Although in the field of morality and ethics, Confucianism and Mohism have common features, there are also many differences making them adherents ardent adversaries. Mengzi 孟子, for example, castigates Mozi's "universal love" (jian'ai 兼愛), which is unacceptable for a Confucian who holds high social hierarchies: "All men under Heaven are equal to the Son of Heaven (i.e. the king or emperor)", says Mozi. He also vehemently rejects Confucianism in his last triple-treatise (Fei Ru 非儒 "Against the Confucians"). Yet inspite of all "revolutionary" or "socialist" ideas concerning the universality of love, Mozi does not want to change the structure of traditional society.
The main philosophical concepts of Mozi are universal love and a prohibition of offensive war. These two behaviours will bring harmony in society and prevent the strong exploiting the weak and the rich suppressing the poor. The will of Heaven, which loves mankind, has to be followed by the ruler, who likewise has to love his people (ai min 愛民) and to bring profit to his people (li min 利民). In this respect Mozi is very similar to Mengzi. The common people, as well as the ruler, have to obey the will of Heaven (shun tian zhi 順天意).
Ghosts and spirits will likewise, as Mozi thinks, retribute good and evil doing (shang xian er fa bao 賞賢而罰暴 "reward the worthies, but punish the cruel"). The ruler has to understand the will of his subjects, and the subjects have to comply with the ruler. The ruler of a state has therefore to make use of the most worthy and competent persons from among the people to support him in government, even peasants and labourers. The last point is also similar to Confucian thinking. A very important point in Mozi's thinking is economical behaviour. Burials have to be austere and simple, quite contrary to Confucians who invest a lot to express their filial piety to the deceased. At the court, luxury and prodigity should be avoided. Mozi thus is against music. This is also the opposite of Confucian thought according to which music is in integral part of rituals.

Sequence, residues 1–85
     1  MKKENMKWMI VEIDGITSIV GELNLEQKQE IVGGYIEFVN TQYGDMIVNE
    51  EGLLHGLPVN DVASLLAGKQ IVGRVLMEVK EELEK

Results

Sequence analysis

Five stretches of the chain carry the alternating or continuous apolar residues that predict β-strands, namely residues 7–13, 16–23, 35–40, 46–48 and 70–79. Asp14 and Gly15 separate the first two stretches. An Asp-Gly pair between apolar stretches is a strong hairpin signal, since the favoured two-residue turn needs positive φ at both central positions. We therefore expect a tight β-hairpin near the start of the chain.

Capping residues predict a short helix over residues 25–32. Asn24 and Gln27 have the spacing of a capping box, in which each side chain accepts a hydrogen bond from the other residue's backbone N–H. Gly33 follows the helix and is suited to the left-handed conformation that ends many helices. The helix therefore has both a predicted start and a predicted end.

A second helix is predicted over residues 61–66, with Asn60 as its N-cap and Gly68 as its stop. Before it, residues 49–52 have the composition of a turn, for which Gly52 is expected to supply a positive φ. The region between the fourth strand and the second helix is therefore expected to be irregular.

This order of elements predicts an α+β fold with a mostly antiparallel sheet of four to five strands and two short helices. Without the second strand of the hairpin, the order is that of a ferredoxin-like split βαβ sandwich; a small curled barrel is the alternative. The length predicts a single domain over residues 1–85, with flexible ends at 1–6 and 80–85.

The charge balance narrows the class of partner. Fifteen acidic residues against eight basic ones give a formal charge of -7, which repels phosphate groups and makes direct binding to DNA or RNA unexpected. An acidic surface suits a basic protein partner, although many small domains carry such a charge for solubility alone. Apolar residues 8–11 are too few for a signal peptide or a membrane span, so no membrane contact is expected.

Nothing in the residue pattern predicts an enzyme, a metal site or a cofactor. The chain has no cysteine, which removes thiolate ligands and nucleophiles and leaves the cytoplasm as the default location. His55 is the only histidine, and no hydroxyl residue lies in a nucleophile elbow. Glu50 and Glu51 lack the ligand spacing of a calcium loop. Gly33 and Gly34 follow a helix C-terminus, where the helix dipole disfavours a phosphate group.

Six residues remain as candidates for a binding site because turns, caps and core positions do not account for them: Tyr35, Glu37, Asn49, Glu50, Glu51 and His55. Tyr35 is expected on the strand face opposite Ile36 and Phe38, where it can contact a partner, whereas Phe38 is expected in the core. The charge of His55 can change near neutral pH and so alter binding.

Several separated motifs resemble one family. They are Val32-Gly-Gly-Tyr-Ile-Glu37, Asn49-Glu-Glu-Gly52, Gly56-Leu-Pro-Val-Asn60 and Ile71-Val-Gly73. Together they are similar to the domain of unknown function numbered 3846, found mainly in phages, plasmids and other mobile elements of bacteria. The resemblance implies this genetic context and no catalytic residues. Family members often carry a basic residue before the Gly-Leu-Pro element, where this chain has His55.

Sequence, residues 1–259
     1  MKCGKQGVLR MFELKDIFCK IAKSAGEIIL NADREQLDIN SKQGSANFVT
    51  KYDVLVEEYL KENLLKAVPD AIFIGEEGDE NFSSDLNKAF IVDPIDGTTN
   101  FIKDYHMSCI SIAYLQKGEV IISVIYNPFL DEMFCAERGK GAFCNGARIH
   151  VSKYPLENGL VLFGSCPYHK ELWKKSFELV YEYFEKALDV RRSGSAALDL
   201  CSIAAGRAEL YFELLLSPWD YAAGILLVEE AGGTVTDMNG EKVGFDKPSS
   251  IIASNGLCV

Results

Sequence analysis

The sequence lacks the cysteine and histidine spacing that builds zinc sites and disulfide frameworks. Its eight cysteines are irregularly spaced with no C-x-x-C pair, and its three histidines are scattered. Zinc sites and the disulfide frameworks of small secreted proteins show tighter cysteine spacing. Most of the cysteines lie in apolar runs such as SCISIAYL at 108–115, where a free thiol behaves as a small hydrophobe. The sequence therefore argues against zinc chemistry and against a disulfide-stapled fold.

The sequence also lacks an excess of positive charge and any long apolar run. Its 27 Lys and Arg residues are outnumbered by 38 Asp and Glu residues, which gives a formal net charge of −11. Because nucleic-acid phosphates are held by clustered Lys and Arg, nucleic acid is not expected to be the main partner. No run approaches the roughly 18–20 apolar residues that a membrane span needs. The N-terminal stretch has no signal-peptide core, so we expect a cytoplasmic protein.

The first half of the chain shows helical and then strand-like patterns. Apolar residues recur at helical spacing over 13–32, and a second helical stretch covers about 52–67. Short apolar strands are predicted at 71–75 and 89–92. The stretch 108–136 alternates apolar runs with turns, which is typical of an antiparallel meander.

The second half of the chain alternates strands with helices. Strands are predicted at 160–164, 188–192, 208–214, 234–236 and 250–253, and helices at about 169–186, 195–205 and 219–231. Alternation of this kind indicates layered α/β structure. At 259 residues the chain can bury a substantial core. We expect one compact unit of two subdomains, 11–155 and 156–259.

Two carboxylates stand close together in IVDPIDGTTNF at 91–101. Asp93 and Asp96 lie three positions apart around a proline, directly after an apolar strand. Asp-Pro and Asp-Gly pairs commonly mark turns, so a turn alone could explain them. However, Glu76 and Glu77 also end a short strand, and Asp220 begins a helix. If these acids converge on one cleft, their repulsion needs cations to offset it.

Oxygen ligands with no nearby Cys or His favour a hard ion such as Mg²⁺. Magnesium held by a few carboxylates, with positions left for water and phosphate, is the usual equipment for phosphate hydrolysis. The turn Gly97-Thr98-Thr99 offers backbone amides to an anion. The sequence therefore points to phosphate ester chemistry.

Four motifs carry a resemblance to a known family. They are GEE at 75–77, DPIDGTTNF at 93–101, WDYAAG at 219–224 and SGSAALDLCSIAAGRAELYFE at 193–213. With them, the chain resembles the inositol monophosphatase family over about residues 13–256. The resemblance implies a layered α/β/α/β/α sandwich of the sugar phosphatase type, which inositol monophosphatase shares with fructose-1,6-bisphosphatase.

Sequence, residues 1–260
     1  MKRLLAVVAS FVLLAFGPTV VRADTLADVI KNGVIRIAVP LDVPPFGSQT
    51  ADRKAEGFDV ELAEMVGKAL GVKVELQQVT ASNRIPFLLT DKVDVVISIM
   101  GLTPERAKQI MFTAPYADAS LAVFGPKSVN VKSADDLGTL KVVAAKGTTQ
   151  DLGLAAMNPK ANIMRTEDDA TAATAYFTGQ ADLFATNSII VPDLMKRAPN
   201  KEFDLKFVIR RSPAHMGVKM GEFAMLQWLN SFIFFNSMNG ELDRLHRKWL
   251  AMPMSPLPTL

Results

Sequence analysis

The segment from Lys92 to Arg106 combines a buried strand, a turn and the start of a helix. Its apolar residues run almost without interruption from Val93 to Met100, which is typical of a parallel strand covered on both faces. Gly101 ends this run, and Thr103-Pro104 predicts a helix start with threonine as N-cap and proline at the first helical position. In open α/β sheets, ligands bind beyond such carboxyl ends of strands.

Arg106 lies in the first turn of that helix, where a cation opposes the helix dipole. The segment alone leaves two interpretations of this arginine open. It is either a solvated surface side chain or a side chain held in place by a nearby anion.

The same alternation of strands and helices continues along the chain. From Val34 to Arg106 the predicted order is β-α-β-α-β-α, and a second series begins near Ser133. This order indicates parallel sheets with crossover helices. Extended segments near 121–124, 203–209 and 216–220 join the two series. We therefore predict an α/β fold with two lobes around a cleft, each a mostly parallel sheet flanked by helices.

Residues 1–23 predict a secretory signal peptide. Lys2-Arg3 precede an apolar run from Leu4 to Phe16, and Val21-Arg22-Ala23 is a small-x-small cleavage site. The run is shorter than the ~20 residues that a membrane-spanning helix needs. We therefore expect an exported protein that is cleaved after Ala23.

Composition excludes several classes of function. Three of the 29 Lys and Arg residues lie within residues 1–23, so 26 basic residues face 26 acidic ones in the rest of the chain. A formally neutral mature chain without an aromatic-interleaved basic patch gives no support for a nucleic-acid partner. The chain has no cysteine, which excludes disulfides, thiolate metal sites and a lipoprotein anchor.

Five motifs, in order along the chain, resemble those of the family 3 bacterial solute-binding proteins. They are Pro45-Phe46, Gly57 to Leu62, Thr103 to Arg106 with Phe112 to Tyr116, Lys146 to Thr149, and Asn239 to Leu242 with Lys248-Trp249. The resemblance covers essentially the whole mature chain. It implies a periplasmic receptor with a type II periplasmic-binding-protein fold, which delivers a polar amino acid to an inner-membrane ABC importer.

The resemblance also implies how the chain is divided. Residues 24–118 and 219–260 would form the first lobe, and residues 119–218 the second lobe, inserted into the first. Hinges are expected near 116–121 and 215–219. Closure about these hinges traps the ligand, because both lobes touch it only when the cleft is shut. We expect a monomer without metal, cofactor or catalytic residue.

During the Warring Stats period Mohist thought was very widespread, and Mozi's disciples represented an earnest competitor for Confucians like Mengzi. The most important Mohist philosophers are Qin Huali 禽滑釐, Xianzi Shuo 縣子碩, Gongshang Guo 公尚過, Chanzi 纏子, Tianqiuzi 田俅子, Suichaozi 隨巢子, and Hufeizi 胡非子. Some of them taught in the eastern states of Qi and Song, some in the southern states of Chu and Yue, but there were also some Mohist philosophers advising the rulers of the "newcomer" Qin 秦 in the west. The Mohist philosophers were known for their austerity and seriousness, and some leaders among them were regarded like generals to which the soliders obeyed even in the fiercest battle.